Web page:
SMITHFIELD FIGURES. The Smtfchfield Show is now past for an- other year, and some of the results of this show are worth considering. There have been none of the enormously heavy animals this year that we have seen in byegonc ycar3, but all the same there is the usual run of immensely fat animals that the or- dinary practical man has no use for. Tho very Iea--itst animal in the whole show was a South Devon under 3 years old with 18 cwt. 3 qrs. 21 lbs.; the lightest a Shorthorn Dexter-Kerry with 7 cwt. One breed is thus practically twice as heavy as the other. IliL- heaviest sheep were the Lincolns, on* pen of three "euhers (22 months old) waigliod over 10 cwt.; on the other hand a pen of Welsh Mountain of same ago were nnder 2} cwt.—one breed being thus about four I times as heavy as the other. Among oiga a pen of two mountains of bacon of the Lai-ge White breed, weighed over 11J cwt. (1 nder one year old), while at the other end of the scale we had two Tamworths at about G cwt. (same age). DIFFERENT OPINIONS. Of course mere size and weight do not mean quality," and so the prizes did not go by this, but to the ordinary farmer size and weight go for a good deal. A curious state of matters arose at the meeting the champion beast of the show was not first of its class. Now if an animal is first in its class it ought to be the best for the cham- pionship contest, or per contra, the cham- pion of the whole show ought to be best iu its class, but this was not so on this occa- sion. Of course this hitch was wholly due to the fact that two different set! of judges settle the prizes, but it is curious that; such n clash of opinions never occurred before. It will bo ncccssary before another year to make a rule that only first prize animals shall compete for the championship, so that there can thus be no room for dificreucoy of opinion. A FARMER'S PARTY. This column has always been non-political, and the writer flatters himself that no reader suspects on which side his political ideas lie. He may therefore offer some re- marks on the movement which is being in- augurated to form a farmers' party in Par- liament. The time is not ready for such a movement just now, and it would be better to leave it over for a year or two. It might have been tried with some hope of success, say ten or twenty or thirty years ago, and it will be tried with success after a few years again, but not just now. The reason is that there are some subjects before the country now that in the olden days would have been settled with dirks and whingers in a civil war; we do not run civil wars in the twentieth century, but until these mat- ters are settled it is useless to try to do anything else, or form any new parties. PARLIAMENT AND AGRICULTURE. There is great need for such a party, for although farming is the most important in- dustry in the nation, either as regards the number of people employed in it or the money represented, it is one of the worst treated by Parliament, no matter which government is in power. At the present time however, there are some matters of infinitely more importance to the nation, and behind which there is a tremendous intensity of feeling, and any new party that tries to split votes at an election will itself be wrecked. The present writer has done his little best for over thirty years in helping on the improvement of agricultural legisla- tion, and will help again when the time comes, but the time has not come yet. LIQUID MANURE. What we are to do with the liquid manure of the homestead is becoming a greater trouble as the years go on. Certain vision- ve bandied the stuff them- of liquid manure tanks, and carting out the liquor on to the fields: certain others who have gone to the expense of tanks, pumps, and carts, have retired from the business in disgust. The writer knows of scores of farms where the tackle is lying idle and will never be used again. The late Sir John Lawes long ago declared that it would never pay to use liquid manure so long as nitrogen- ous manures could be got at reasonable prices. THE TRENCH SYSTEM. Usually the drainings of the homestead are allowed to run into the nearest ditch: this will be put a stop to sooner or later for sanitary reasons. It is therefore necessary to get rid of the stuff the best way we can, and the best way is on the same principle as town sewage is now dealt with. If a fiiece of grass land Jbelow the homestead is aid off with a few parallel trenches across the slope at a dead level contour on the catchment" plan, and the liquid run into the top one, allowed to overflow and spread itself over the surface till it is caught again by the next trench, and so on, it will be found that the ground soaks up the liquid and purifies the residue in a wonderful iran- ner. If the soil is porous very little land will be needed for this bacterial and filter- ing system, but a larger area will be re- quired if the soil is stiff clay. Weedy rub- bish will be apt to grow, but that cannot bd helped, as the object is to get rid of the sewage, or to so purify it that it can be al- lowed to run into a brook. A NEW ROOT CROP. A very large number of our regular farm crops have been introduced into this coun- try within the last 150 years or so, and it is pretty certain that we have not rcached the end of our tether in this line, and that there may be many more new ones yet to come into the regular farm list. The writer haa just come across a new one introduced into his locality by a neighbour, to which he would like to call attention, as it gives a promise of great things. It appears to be a hybrid between the thousand-head kail and the kohl-rabi, and the story of its in- troduction is interesting. One of the reli- gious orders expelled from France has set- tled in Germany: the writer's friend on a holiday there saw the crop growing, entered into conversation with the foreman priest, learnt what it was, got a few plants, brought them home to Essex, dibbled them out, and now they are growing finely and are being reserved for seed. CHARACTERISTICS AND USES. The characteristics of the plant are that it is practically a kail with a thick, fleshy, luscious stem, like an elongated kohl-rabi. During summer the leaves can be stripped off the stem and used, while the tuft at the top is left. This latter can also be re- moved if the root" is required for clamp- ing purposes, but otherwise the plant as it grows is an ideal one for sheep-folding, or feeding green to milk cows. The stem is soft and juicy, and can easily be pulped if nec- essary. The monks claim that the plant ia their own production, and call it Chou Mocllier," but as the seed is offered in French seed-catalogues it cannot be very rare in France. It is the first time the writer has heard of it, however, and there are so many points in its favour for south- country farming that it is worth while at- tcmpmg to spread the use of it. P.S.—The author will be glad to answer any questions arising out of this article if they are addressed to him, c/o the Editor.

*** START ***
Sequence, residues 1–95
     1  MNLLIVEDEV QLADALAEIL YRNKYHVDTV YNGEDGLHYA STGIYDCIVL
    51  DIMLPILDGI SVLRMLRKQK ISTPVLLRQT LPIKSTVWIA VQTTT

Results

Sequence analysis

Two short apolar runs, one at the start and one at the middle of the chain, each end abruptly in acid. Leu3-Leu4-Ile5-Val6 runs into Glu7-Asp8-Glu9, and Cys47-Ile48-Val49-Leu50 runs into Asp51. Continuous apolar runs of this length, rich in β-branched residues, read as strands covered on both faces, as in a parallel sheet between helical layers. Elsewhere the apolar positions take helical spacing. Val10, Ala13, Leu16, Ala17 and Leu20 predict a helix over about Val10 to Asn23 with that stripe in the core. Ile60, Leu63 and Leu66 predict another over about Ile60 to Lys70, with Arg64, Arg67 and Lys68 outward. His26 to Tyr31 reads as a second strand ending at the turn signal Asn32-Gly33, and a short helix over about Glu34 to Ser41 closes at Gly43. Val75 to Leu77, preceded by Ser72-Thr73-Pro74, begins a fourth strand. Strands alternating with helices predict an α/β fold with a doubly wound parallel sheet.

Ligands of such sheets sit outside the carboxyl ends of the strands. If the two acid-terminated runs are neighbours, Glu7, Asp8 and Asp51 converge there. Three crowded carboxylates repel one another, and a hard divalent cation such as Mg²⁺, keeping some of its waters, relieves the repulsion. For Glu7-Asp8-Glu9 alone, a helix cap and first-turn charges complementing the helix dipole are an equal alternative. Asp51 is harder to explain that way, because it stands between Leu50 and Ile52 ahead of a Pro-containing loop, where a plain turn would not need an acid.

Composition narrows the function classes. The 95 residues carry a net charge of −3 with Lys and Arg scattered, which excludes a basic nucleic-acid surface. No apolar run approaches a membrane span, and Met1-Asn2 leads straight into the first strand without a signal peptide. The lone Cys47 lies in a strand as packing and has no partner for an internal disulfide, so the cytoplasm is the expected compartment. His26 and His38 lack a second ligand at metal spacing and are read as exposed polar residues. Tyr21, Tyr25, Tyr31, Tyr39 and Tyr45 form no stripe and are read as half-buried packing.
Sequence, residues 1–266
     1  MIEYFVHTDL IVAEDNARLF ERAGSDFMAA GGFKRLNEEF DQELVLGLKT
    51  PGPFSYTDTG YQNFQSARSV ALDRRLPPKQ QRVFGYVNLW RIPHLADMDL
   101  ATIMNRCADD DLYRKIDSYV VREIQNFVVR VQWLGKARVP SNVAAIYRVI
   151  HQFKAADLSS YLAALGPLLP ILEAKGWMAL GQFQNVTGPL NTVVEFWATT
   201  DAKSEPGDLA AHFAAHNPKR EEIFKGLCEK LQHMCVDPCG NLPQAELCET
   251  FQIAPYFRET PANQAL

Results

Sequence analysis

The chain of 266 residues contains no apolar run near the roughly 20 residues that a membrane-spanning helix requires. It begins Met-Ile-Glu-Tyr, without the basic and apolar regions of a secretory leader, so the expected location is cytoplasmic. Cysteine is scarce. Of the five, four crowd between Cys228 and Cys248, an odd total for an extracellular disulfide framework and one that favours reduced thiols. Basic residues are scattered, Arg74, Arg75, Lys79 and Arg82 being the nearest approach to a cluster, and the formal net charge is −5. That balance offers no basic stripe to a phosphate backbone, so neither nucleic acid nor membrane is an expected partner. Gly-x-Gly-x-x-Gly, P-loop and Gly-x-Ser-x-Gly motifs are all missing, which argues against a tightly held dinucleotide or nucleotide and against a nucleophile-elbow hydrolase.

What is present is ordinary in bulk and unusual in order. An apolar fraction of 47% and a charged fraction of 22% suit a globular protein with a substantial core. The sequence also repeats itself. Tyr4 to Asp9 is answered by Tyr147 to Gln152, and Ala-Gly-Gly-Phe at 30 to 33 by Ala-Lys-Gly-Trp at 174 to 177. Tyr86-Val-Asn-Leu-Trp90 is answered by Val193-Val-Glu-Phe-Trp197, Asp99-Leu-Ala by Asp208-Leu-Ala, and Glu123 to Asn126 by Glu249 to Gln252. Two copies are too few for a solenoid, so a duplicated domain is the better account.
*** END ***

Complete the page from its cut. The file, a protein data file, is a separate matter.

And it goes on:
HORNIMAN'S ALMANACK FOR 1908. beautifully printed in colours, now being GIVEN AWAY throughout the United Kingdom by over 15,000 retaaleM& lforniman"s would-renowned Pure Tea- Sold in: Colwyn Bay, bv Hughes, Central Stores; Price, Baker, Abergele-rd; Col- wyn Bay and District Co-operative Society; The Co-operative Society, Llandudno; Jones, Che- mist, Llandudno Junction; Roberts, Chemist, Llandudno; Higgirns, Grocer, Prestatyn; New York Cooperative Society, Penmaenmawr; Griffiths, Grocer, Llanfairfaohan; price and Soma, Grocers; and Williamis Chemist, Old Colwyn; and H. Rogers Jo-, Chemist, De- ganwy. ECZEMA
Sure,salFecure Recipe and List Free. Send at once. TMWAfTBS* Herbalist, ibtoaT- "T!1-1 r- T i There is » H no more acceptable Christ- H mas or New Year Gift 35 » than a good book. You 11 « will find a wonderful S variety of books and other fi H articles suitable for Gifts at M IWHSMITH &SONsf I bookshop I |f PENRHYN ROAD, COLWYN BAY. = THE 20th CENTURY SEWING MACHEU ) THE 20th CENTURY SEWING MACHINE 11—— IftflWMlllMllMI NEW MODEL Have You Seen it ? M M II JUST OUT Have You Tried It c: The latest and best type of Family Sewing Machine. Made by British Workmen' in a t British Factory. (t Absolutely the lightest running and most silent lock-stitch Sewing Machine. < £ The ATTACHMENTS, furnished FREE with this machine, are so conveniently arranged in the centre locking drawer-a SEPARATE M PLACE FOR EACH-as to be easily accessible. There is a full set, comprising the latest and best designs. BY THIS SIGN YOU MAY KNOW AND s CAN FIND II SINGER SHOPS 11 EVERY CITY || I II LOCAL ADDRESSES: II t Conway House, Castle Hill, Bangor t 12a Church Street, Blaenau Festiniog 2Q Pool Street, Carnarvon t 13 Sea View Crescent, Colwyn Bay I —III IIHI»| £ iilM l—l ■ Sefton House, Market Street, Holyhead 1 Beatrice Street, Oswestry 126 High Street, Fortmadoc 18 Sussex Street, Rhyl F. A. CONNAH, Having t .hen up his Residence in COLWYN BAY, will be pleased to give his personal attention to any estimates required for the REPAIR, SUPPLY, or UP-KEEP of CYCLES, MOTORS, MAIL CARTS BATH CHAIRS, AND ATHLETIC GOODS OF EVERY DESCRIPTION. Any of the above can also be had FOR HIRE by the Hour, Day or Week. INVALID CARRIAGES A SPECIALITY. Hiiiiiber, Swift, Raleigh, Singer, Wearwell, Balmoral, and Royal Welsh Cycles, supplied for either CASH, EXCHANGE, or for EASY PAYMENTS. HUMBER CYCLES can all be fitted with the Humber Cardner Three-speed Gear and the Oil Bath. RALEIGH CYCLES were the first Cycles to be regularly fitted with the Three-speed Geaf and set the fashion in this respect, while for years they have fitted the Oil Bath on them. 9.12 12s. Od. SINGER'S GRAND MODELS have the Perfect Oil Bath as a standard in its equipment as well as either Two or Three-speed Gear. SWIFT CYCLES are also in the van of Speed Gears, Oil Baths, and other Up-to-date Points so get my quotations before you decide upon your New Mount. Liberal Allowances both for Old Machines and for Cash. FRANK )k. OONNAH, NORTH WALES CYCLE AND MOTOR CO. ABERGELE ROAD, COLWYN BAY. i The eed of the jtottr. T A The need of a safe and efficacious family medicine is felt in every home. It is a wise plan A Y to keep a bsx of BEECHAM'S PILLS in the house. They are always ready-any hour of W T the day or night-to relieve those sudden attacks of Stomach Pain, Nausea, Indigestion, T A Colic, or Biliousness that occur in every household. BEECHAM'S PILLS are easily A W taken by young or old, and require no preparation before administering. Their good W I effects are felt soon after the first dose is taken. I Bttcham's Pills A are a vegetable remedy for the numerous ills that begin in the stomach, liver, kidneys 1 ■ and bowels. They are a natural medicine, carefully compounded from vegetable roots S f and herbs. That their virtues are widely recognised is evidenced by their immense sale, T A which is in excess of 6,000,000 boxes every year. Try them when you feel out of sorts, A v and note the wholesome effect on the stomach, the bowels, the head, and complexion. V A It's a good idea to keep a box handy. T W Sold everywhere in boxes, price Ilij (56 pills) ct 219(168 pills). W JONES & SON, R.P., A.G.F., General Contractors, Ironmongers, Plumbers & Decorators, &c., Melbourne Works, CONWAY CYCLE & MOTOR DEPOT. Shell Motor Spirits." Agents for all Leading Manufacturers CYCLES FOR HIRE. RIDE CASTELL CYCLES 9100,000worthof Fu.rnishing Coods THE LARGEST ASSORTMENT OF BEDROOM SUITES, DRAWING ROOM SUITES, DINING ROOM STJITLS, SIDEBOARDS. CABINETS, OVERM ANTELS. BOOKCASES, HALL STANDS, AND OTHER FURNITURE. CARPETS, LINOLEUMS, FLOOR-CLOTHS, RUGS AJVD MATS, CURTAINS* And gknkkal FURNISHING GOODS. AT THE LOWEST PRICES IN ENGLAND FOR CASH. RAY & MILES, 34 to 48, London Road, Liverpool Telegraphic Add rem: "FURNISHING," LIVERPOOL. Telephone No. 1214 LlogaL